Warmer-than-average temperatures and a lack of snow could delay Sunlight Mountain Resort’s opening day, but staff are still hopeful for a Dec. 10 opening, a Sunlight spokesperson said.
“We were able to snow some of the colder mornings here,” said Troy Hawks, director of marketing and sales for Sunlight. “We started our snowmaking preparations about two weeks ago by testing the systems. Since then, when we see a small window of opportunity, we turn on the snow cannons. “
The National Weather Service does not have historical snowfall data for the station during the off-season, but NWS meteorologist Megan Stackhouse said that in November, the agency had not recorded any snowfall at Glenwood Springs and less than an inch to Carbondale.
“We’re in a La Nina model, so a lot of the systems coming in are weak and preceded by warmer temperatures than usual,” Stackhouse explained.
On average, Glenwood Springs receives about 4 inches of snow and over an inch of precipitation in November. This year, however, Stackhouse said the area received less than an inch of precipitation and no snow.
Like many ski resorts, Sunlight makes its own snow to complement natural snowfall. But the process requires cold temperatures, which have been rare so far.
“In the last two weeks we’ve probably only seen about six days where we could snow,” said Hawks.
Snowmaking typically occurs from 3 to 9 a.m. when temperatures are below 28 degrees.
“We wish we could turn it on and leave it for a few weeks like we normally do,” Hawks said. “But it’s just not cold enough this year.”
Despite being one of the smallest snowmaking facilities in the state, Sunlight Mountain Manager Mike Baumli was recognized in 2019 as Colorado Ski Country’s Snowmaker of the Year.
Over the past few years, the resort has invested hundreds of thousands of dollars in improving its snowmaking operation to improve efficiency and performance. The upgrades included two additional ponds, containing about 1 million gallons each for snow cannons, Hawks said.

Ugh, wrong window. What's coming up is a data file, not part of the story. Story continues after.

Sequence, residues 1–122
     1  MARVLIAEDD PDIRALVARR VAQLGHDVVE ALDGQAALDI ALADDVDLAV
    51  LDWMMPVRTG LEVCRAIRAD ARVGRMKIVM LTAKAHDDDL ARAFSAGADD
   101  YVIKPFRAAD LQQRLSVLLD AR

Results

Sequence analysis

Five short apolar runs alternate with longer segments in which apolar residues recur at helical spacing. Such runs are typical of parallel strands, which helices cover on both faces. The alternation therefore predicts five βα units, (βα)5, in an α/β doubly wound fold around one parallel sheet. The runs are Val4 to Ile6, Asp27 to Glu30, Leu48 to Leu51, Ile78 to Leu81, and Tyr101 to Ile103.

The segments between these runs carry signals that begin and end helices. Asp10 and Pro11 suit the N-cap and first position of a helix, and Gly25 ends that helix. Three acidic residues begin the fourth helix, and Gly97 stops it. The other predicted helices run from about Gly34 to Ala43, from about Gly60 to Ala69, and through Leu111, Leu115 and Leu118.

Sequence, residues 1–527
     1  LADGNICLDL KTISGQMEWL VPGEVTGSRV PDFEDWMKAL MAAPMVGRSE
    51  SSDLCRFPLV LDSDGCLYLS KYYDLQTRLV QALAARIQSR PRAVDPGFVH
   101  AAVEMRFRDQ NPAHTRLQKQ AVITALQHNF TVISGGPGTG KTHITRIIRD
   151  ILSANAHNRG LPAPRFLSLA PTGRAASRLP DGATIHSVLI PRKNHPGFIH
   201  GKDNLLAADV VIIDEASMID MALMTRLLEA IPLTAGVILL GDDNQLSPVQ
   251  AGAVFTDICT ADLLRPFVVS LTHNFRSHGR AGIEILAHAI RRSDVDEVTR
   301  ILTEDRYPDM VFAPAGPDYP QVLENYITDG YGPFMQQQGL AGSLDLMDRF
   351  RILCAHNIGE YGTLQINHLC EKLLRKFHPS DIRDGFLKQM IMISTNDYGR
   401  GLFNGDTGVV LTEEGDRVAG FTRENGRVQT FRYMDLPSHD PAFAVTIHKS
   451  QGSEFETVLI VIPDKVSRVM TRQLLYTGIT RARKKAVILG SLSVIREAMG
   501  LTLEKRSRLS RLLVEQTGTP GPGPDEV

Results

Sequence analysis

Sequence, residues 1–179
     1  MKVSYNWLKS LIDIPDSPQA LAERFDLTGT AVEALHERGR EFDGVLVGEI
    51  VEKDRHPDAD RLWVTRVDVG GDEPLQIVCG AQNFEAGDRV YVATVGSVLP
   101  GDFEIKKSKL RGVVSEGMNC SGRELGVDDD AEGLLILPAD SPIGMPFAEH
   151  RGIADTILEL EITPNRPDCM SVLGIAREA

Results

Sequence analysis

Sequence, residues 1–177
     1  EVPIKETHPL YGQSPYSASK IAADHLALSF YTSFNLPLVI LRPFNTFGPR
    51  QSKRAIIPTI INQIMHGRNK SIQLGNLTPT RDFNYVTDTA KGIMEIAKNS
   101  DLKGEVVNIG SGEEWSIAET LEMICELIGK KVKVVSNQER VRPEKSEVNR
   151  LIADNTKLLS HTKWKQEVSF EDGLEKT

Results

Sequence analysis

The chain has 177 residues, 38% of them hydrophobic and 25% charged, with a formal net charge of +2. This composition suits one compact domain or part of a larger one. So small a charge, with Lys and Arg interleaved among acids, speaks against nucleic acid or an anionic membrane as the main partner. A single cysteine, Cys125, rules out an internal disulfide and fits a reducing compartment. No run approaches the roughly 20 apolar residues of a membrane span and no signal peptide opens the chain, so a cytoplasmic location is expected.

So far this season, he said the station has used about 500,000 gallons of water to create the first layers of snow.
“Turning the system on and off right now is a lot less efficient than we would like,” Hawks said. “But we remain hopeful that we can at least open the Tercero elevator on December 10.”
Hawks said the opening day date could change if cold temperatures don’t set in quickly.
Sam Brager skis Sunlight with his 10-year-old son Donavin as often as he can, but said this year could be a challenge.
“At this point in the year, I’ve generally slipped into at least one skin hike, but not this year,” Brager said, explaining that a skin hike is when a skier wraps their skis in “skins”. , allowing them to climb the slope without the need for a chairlift.
Born in Wisconsin, Brager learned to ski at the age of 2.
“Even in a dry year like this, I won’t stop for another hobby,” he said. “You just have to take advantage of the snow in front of you and not look at the forecast too much because it will get you down. “
Brager said his gut didn’t believe the warmer temperatures would impact the entire ski season, but that’s at odds with his head, which thinks this season could continue to be dry. Either way, he plans to hit the slopes as often as possible.
“There’s nothing quite like tying two boards to your feet and hitting the mountain,” Brager said.
The good news for the Bragers, Hawks and snow enthusiasts across the valley is that colder weather could be on the way, Stackhouse said.
“There is hope that a stronger system will take hold in the region early next week,” she said. “It’s early and things may still change, but this is the first hope of sufficiently cool temperatures for the snow this season.”
Journalist Ike Fredregill can be reached at 970-384-9154 or by email at [email protected].